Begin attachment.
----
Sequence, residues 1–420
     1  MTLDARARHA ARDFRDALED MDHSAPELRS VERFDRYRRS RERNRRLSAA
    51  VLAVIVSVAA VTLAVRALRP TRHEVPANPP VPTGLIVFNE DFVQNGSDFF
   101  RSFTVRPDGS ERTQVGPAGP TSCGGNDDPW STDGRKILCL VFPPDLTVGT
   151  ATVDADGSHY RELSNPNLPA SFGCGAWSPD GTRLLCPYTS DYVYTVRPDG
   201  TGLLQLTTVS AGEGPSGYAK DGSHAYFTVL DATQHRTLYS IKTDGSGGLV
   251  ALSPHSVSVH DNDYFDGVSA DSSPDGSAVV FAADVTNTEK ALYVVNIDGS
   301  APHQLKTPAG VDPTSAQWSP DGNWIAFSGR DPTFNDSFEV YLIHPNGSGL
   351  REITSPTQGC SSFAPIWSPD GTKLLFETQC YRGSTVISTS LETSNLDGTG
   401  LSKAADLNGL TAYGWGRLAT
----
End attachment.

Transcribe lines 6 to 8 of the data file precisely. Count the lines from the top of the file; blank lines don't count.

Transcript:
   201  TGLLQLTTVS AGEGPSGYAK DGSHAYFTVL DATQHRTLYS IKTDGSGGLV
   251  ALSPHSVSVH DNDYFDGVSA DSSPDGSAVV FAADVTNTEK ALYVVNIDGS
   301  APHQLKTPAG VDPTSAQWSP DGNWIAFSGR DPTFNDSFEV YLIHPNGSGL